The National Academy of Inventors announced today (Dec. 3) the election of 168 new fellows, including two from UC Davis: Cristina Davis, the Warren and Leta Geidt Endowed Professor and Chair, Department of Mechanical and Aerospace Engineering; and Walter Leal, distinguished professor, Department of Molecular and Cellular Biology.
Election as an NAI fellow is the highest professional distinction accorded solely to academic inventors. To date, NAI fellows hold more than 41,500 issued US patents, which have generated more than 11,000 licensed technologies and companies, and created more than 36 million jobs. Fellows’ discoveries have contributed to revenue of more than $1.6 trillion, according to the NAI.
Davis, a world leader in trace chemical sensing, holds 12 patents (and has others pending). Her approved patents, licensed to seven companies, all involve sensors and instrumentation to detect chemical biomarkers in people, animals and plants to rapidly and accurately diagnose diseases, or even opioid drugs.
In the case of opioids, Davis and Michael Schivo, a UC Davis faculty member in medicine, recently reported on their development of a test to detect the drugs in exhaled breath, which could be useful in caring for chronic pain patients as well as for checking for illegal drug use.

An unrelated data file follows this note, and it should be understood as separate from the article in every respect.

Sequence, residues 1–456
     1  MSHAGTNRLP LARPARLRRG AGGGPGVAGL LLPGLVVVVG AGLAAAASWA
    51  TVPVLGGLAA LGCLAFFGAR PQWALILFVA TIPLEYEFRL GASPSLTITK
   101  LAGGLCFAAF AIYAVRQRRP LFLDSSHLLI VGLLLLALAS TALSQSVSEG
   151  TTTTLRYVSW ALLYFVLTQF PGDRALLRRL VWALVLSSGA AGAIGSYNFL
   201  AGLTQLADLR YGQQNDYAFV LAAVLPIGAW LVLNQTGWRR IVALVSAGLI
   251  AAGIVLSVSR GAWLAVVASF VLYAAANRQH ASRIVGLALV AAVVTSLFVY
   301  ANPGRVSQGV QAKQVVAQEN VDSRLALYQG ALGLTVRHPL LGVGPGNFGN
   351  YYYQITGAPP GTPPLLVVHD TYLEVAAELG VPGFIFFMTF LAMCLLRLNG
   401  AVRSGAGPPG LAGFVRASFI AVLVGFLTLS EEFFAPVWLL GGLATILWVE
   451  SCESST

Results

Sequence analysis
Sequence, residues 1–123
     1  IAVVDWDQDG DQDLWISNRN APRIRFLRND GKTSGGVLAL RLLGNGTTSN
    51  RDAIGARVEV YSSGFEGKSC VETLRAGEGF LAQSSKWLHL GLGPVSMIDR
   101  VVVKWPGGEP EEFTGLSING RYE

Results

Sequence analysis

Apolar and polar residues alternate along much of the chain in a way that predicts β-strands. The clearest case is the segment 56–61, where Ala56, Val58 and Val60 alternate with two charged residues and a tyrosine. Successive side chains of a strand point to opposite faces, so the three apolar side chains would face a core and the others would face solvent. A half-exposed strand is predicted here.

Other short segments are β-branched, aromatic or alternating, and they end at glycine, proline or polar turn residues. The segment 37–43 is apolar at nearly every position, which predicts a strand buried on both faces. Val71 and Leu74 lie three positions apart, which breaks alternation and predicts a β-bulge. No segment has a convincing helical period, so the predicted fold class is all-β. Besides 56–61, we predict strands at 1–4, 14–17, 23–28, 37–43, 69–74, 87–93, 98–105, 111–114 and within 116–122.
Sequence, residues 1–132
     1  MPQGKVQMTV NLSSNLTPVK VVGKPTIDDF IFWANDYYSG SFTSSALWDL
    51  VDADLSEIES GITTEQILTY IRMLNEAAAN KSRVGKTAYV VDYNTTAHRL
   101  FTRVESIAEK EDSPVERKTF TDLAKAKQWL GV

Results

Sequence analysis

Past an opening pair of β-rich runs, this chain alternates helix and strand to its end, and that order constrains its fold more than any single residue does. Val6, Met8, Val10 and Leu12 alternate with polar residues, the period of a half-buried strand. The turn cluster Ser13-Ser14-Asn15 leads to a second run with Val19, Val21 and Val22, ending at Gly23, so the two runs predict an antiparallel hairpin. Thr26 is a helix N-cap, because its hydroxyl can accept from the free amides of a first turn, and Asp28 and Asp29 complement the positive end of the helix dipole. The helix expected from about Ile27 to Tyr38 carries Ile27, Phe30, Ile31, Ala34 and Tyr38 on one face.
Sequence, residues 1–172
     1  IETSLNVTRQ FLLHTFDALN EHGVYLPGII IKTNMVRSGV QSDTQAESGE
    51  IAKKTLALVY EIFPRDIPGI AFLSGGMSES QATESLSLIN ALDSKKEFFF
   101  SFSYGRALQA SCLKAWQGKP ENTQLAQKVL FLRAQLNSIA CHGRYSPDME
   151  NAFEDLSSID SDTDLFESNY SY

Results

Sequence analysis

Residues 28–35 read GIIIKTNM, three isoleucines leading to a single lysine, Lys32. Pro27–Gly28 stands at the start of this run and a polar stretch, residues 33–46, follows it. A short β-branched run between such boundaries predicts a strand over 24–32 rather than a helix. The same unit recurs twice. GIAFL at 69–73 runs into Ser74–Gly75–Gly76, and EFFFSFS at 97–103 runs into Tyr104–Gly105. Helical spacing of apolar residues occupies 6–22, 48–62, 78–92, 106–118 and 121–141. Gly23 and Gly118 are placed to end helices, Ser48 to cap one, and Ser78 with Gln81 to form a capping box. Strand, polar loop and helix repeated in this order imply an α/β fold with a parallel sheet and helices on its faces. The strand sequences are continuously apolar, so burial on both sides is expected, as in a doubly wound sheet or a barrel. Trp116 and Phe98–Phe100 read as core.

She is fellow of the American Association for the Advancement of Science (as announced a week ago) and the American Institute for Medical and Biological Engineering. She received a Chancellor’s Innovation Award in 2016.
Leal, a former chair of the Department of Entomology (now the Department of Entomology and Nematology), is a leading global scientist in the field of insect olfaction and communication, investigating how insects detect odors, how they detect host and nonhost plant matter, and how they communicate within their species.
His research, spanning three decades and producing 28 Japanese patents and two US patents, focuses on insects that carry mosquito-borne diseases as well as agricultural pests. He and his lab drew international attention with their discovery of the mode of action of DEET, the gold standard of insect repellents.
He is a fellow of the American Association for the Advancement of Science and California Academy of Sciences, and a past president of the International Society of Chemical Ecology.
The NAI fellows program highlights academic inventors who have demonstrated a spirit of innovation in creating or facilitating outstanding inventions that have made a tangible impact on quality of life, economic development and the welfare of society.
Formal induction of the new fellows is set to take place during the academy’s ninth annual meeting, to be held in Phoenix in April.
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